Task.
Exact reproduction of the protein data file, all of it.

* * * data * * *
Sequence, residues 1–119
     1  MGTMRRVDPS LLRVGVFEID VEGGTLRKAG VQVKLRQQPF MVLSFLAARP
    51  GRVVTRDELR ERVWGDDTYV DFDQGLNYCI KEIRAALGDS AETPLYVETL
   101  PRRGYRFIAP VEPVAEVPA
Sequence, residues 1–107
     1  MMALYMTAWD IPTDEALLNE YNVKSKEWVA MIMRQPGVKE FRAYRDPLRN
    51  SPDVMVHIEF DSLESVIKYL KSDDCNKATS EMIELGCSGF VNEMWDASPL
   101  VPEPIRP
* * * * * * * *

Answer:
Sequence, residues 1–119
     1  MGTMRRVDPS LLRVGVFEID VEGGTLRKAG VQVKLRQQPF MVLSFLAARP
    51  GRVVTRDELR ERVWGDDTYV DFDQGLNYCI KEIRAALGDS AETPLYVETL
   101  PRRGYRFIAP VEPVAEVPA
Sequence, residues 1–107
     1  MMALYMTAWD IPTDEALLNE YNVKSKEWVA MIMRQPGVKE FRAYRDPLRN
    51  SPDVMVHIEF DSLESVIKYL KSDDCNKATS EMIELGCSGF VNEMWDASPL
   101  VPEPIRP